The orphans of Grace Field House seem to have a perfect, carefree life. They live in a beautiful old manor surrounded by picturesque fields and forests, where they can play and explore to their little hearts’ delight. Every one of their needs is seen to by their loving caretaker Isabella, who serves as their cook, nurse, teacher, and surrogate mother. The only rule they must follow is to never venture beyond the wall or gate that bounds their little world.
That idyllic life comes crashing down, however, when two of the oldest children — Norman and Emma — stumble across the horrifying truth of their existence. The children of Grace Field House aren’t being raised as orphans that will eventually be adopted into loving families; they’re actually being raised as food for the monstrous creatures that rule the world beyond the wall surrounding their little existence.
The Promised Neverland — adapted from Kaiu Shirai and Posuka Demizu’s still-running manga — has one of those premises that immediately jumps from the page when you read it thanks to how twisted and bizarre it seems. And thankfully, the series fully delivers on its promise, with the result being one of the best, most entertaining, and most suspenseful animé series I’ve seen in quite some time.
Some might characterize The Promised Neverland as a psychological thriller, and that’s not entirely wrong. Much of that is due to the cat-and-mouse game between Norman and Emma, and Isabella, who is fully aware of the childrens’ plight and actively working with the monsters. Thankfully, Norman and Emma, along with their friend Ray, are child prodigies — the monsters prefer to eat only the very best brains — and in a delightful little twist, the very thing that makes them so desirable as food may be the very thing that can save them.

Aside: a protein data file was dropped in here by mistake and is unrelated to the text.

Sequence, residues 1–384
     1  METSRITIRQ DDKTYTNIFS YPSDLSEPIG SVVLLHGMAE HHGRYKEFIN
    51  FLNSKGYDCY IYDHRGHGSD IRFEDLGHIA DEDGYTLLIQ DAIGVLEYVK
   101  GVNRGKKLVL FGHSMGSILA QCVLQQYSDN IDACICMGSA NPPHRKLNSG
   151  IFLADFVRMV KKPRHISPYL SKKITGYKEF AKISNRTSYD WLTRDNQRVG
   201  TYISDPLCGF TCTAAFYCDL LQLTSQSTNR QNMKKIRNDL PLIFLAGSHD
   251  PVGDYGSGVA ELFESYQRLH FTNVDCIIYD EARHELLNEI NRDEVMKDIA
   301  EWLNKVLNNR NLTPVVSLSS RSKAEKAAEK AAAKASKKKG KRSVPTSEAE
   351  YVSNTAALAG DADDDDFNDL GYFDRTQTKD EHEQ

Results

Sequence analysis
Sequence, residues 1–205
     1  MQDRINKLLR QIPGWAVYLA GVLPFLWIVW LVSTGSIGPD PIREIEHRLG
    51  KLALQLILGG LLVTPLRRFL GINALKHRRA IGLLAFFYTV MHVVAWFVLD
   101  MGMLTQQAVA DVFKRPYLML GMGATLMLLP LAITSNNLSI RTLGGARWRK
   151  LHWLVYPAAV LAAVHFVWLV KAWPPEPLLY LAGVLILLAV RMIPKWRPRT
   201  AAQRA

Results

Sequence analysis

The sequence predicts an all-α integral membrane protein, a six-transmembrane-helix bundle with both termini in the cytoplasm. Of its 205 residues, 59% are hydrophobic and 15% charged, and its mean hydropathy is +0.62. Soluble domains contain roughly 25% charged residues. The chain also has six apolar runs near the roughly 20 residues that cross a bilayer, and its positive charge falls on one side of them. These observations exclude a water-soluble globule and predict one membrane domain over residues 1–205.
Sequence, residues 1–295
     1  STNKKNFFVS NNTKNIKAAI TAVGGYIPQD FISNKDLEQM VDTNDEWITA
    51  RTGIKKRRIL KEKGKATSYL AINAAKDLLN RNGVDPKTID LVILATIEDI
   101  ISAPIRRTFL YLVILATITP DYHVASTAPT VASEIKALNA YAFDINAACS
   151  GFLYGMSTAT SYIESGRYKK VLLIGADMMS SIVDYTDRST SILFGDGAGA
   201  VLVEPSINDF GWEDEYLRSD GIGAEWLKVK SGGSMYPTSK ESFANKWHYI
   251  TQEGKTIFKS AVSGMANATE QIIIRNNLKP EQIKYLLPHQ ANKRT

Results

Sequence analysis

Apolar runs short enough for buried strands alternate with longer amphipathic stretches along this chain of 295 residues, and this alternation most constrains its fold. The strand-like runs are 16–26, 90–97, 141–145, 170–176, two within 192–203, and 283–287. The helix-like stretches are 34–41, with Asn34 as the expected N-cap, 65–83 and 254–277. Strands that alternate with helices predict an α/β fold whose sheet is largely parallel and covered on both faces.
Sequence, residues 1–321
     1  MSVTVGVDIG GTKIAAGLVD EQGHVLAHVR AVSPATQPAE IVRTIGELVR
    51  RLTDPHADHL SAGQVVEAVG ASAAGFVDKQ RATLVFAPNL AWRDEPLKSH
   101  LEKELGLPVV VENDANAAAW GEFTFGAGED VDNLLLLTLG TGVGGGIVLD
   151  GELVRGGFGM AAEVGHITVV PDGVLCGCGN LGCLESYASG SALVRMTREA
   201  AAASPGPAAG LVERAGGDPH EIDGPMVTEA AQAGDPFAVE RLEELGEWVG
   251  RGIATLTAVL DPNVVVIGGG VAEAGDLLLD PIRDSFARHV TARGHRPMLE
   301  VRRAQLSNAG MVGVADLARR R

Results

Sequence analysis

But the series never forgets that its protagonists are children; despite having considerable IQs, they’re still immature and prone to breakdowns, tantrums, and foolish decisions. Furthermore, Norman, Emma, and Ray are constantly torn concerning whether or not to break the news to their fellow orphans, most of whom are considerably younger. On the one hand, it seems only fair that everyone know the truth, but on the other hand, the younger children might not be able to handle it. Worse, they might run blabbing to their beloved Isabella and ruin everything.
All of this adds considerable stress and suspense to the series, which is not without several big twists once the children begin to enact their escape plan even as Isabella seems to know more than she’s letting on. The arrival of another caretaker adds some wrinkles, as does suspicions of a potential traitor amongst the children. The series’ intensity and cleverness remain constant right up until the final episode (which sets up the second season that’s currently in production).
Style-wise, The Promised Neverland is a blend of cel and 3DCG animation. The blend can be a bit jarring when the cel-animated characters are placed against CG backdrops; the two don’t always mesh well. And for all of its advances, CG animation just doesn’t have the richness or texture of cel animation. But the CG animation is decent enough, and even enhances some scenes, like an extended first-person sequence in the fourth episode that grows increasingly claustrophobic as it unfolds.
Overall, though, the animation is serviceable and nothing mind-blowing. But then again, The Promised Neverland is a story-driven series that places emphasis on interesting characters, a clever premise, and intricate plotting that keeps you on the edge of your seat. When you have those things, and when they’re done as well as they are here, you don’t really need visual spectacle.
From what little I’ve read about Shirai and Demizu’s original manga, its scope becomes a good deal larger than what’s seen in the animé. Plus, there are several details and character developments that are teased and never fully explored within the first season’s twelve episodes (which, by the way, can be easily binged during a long weekend). Suffice to say, I’ll be really looking forward to The Promised Neverland’s second season when it arrives in 2020.
The Promised Neverland is currently streaming on Crunchyroll, Hulu, and FunimationNow.
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I've also written for Christ and Pop Culture, ScreenAnarchy, Filmwell, and Christian Research Journal. I pay the bills by creating beautiful user interfaces and websites for Firespring and Red Bicycle.